Therefore, social media relationships are usually limited in terms of emotional intensity and do not evolve past a certain point due to the lack of personal communication and non-verbal factors. Pollet et al. (2011) mention that their research contradicts previous findings and suppose that the tendency may be shaped by age-specific factors. It is possible that further analysis of social media impact on society will yield different results depending on the focus group.
All in all, the rise of Internet communication is the reality of the 21st century. Naturally, social media’s appearance alarmed the public because it was seen as a means to replace real-life interaction, which is an integral part of society. However, as the phenomenon in question evolved, studies unraveled several ways in which online media can be utilized to benefit society, rather than being detrimental to it. The effect of Internet media is determined by the ways it is applied. Ideally, social media should complement real-life communication by expanding opportunities over space and time, rather than replacing it altogether.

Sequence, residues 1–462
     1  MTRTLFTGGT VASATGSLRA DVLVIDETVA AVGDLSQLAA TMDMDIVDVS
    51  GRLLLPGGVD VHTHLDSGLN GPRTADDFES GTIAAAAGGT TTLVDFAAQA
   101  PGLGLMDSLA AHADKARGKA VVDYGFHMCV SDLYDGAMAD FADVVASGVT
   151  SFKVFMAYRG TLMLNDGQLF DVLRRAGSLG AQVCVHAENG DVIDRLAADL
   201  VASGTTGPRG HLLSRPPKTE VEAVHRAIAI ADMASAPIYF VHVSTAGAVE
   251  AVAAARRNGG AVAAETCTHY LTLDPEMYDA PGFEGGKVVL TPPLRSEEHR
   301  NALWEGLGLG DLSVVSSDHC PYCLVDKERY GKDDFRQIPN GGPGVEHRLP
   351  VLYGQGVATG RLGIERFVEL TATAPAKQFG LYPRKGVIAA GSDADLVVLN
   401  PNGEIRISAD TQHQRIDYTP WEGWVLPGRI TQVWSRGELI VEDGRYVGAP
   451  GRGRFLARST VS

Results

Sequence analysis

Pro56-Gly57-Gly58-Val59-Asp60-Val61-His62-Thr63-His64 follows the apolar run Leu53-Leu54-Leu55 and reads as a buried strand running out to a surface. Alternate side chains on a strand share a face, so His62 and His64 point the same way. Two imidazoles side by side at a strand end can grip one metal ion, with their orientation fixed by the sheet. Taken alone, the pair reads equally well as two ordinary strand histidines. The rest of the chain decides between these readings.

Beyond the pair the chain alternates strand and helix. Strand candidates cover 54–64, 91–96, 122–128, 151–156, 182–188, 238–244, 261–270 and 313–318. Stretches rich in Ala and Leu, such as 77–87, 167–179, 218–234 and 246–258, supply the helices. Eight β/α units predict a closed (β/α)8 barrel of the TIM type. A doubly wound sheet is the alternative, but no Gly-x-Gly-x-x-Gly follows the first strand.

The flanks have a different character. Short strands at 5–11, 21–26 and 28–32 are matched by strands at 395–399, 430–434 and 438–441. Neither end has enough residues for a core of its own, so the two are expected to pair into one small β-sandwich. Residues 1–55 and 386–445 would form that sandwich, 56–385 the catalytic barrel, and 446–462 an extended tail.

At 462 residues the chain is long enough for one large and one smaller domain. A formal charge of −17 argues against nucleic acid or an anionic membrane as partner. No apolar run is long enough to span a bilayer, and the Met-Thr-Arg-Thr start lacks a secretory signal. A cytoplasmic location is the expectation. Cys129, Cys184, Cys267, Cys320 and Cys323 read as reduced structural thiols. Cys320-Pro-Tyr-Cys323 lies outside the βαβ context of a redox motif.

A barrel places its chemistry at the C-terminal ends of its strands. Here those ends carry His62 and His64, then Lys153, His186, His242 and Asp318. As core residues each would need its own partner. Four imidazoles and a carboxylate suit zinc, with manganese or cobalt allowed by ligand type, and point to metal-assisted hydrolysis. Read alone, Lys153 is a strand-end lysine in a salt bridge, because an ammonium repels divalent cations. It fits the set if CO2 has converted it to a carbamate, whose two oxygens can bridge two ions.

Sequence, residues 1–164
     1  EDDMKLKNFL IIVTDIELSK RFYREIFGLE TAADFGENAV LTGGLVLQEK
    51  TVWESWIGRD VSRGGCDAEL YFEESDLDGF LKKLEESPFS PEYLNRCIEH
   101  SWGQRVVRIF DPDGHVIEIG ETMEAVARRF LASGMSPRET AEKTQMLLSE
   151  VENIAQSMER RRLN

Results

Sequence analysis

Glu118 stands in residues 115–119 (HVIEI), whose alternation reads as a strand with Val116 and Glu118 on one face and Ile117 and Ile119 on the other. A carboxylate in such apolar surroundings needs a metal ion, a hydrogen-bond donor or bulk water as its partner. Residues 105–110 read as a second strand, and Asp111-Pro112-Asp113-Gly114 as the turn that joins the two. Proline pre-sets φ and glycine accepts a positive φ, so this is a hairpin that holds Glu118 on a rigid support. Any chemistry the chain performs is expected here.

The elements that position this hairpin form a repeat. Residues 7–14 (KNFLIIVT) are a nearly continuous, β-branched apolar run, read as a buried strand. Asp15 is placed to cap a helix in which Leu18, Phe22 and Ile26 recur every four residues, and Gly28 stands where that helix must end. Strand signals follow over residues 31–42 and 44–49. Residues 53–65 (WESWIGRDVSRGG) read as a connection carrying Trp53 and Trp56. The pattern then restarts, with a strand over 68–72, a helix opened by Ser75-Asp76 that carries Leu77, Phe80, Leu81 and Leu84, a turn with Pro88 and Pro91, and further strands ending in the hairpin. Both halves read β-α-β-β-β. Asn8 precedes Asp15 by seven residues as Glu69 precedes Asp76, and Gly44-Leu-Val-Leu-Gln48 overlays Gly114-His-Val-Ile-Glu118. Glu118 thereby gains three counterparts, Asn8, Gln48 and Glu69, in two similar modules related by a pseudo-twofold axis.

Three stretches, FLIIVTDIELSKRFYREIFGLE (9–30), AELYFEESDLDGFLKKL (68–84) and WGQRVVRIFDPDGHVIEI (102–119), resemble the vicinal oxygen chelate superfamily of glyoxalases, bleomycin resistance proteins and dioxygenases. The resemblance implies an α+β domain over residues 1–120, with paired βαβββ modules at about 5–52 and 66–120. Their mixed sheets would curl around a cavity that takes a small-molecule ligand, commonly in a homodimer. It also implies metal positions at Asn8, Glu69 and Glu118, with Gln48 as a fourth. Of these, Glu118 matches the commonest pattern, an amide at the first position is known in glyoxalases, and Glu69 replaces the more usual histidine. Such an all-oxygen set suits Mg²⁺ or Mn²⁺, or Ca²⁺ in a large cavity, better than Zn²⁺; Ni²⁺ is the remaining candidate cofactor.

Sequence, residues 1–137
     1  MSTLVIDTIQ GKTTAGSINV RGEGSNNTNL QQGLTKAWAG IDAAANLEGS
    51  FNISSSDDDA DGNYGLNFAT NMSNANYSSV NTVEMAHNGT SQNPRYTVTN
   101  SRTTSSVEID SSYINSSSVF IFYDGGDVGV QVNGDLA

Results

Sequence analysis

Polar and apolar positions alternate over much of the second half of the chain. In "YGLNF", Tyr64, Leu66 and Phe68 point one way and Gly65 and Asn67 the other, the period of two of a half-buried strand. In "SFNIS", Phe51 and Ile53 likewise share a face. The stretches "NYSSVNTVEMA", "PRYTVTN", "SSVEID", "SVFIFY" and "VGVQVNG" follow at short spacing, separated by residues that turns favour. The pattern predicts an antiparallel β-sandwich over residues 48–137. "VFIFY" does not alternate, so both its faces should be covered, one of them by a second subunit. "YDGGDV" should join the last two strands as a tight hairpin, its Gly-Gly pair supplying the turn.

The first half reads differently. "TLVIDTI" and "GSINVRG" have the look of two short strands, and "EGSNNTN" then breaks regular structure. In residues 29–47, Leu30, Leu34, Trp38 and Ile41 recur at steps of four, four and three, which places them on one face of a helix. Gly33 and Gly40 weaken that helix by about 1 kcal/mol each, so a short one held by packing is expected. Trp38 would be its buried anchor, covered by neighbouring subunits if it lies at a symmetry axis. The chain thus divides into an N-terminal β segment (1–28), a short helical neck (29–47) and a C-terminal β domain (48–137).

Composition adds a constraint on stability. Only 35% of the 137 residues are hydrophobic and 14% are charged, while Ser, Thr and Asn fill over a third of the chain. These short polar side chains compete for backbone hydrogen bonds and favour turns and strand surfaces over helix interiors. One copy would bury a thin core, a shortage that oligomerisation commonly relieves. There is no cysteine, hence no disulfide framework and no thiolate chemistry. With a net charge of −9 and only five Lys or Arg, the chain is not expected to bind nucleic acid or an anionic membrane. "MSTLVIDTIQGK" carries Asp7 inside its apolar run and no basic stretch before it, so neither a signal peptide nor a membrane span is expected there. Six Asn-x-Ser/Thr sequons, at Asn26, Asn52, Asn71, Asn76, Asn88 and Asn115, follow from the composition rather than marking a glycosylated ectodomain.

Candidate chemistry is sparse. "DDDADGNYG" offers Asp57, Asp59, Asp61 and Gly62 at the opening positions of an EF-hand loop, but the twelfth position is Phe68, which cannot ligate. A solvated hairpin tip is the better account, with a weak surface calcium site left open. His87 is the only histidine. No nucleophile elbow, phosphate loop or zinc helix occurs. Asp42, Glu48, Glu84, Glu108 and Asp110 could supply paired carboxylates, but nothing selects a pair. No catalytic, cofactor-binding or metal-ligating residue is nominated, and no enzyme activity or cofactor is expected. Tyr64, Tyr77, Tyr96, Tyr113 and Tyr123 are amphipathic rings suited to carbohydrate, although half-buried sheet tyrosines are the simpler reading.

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Pollet, T.V., Roberts, S.G.B., & Dunbar, R.I.M. (2011). Use of social network sites and instant messaging does not lead to increased offline social network size, or to emotionally closer relationships with offline network members. Cyberpsychology, Behavior, and Social Networking, 14(4), 253-258. Web.
Sutcliffe, A.G., Binder, J.F., & Dunbar, R.I.M. (2018). Activity in social media and intimacy in social relationships. Computers in Human Behavior, 85, 227–235. Web.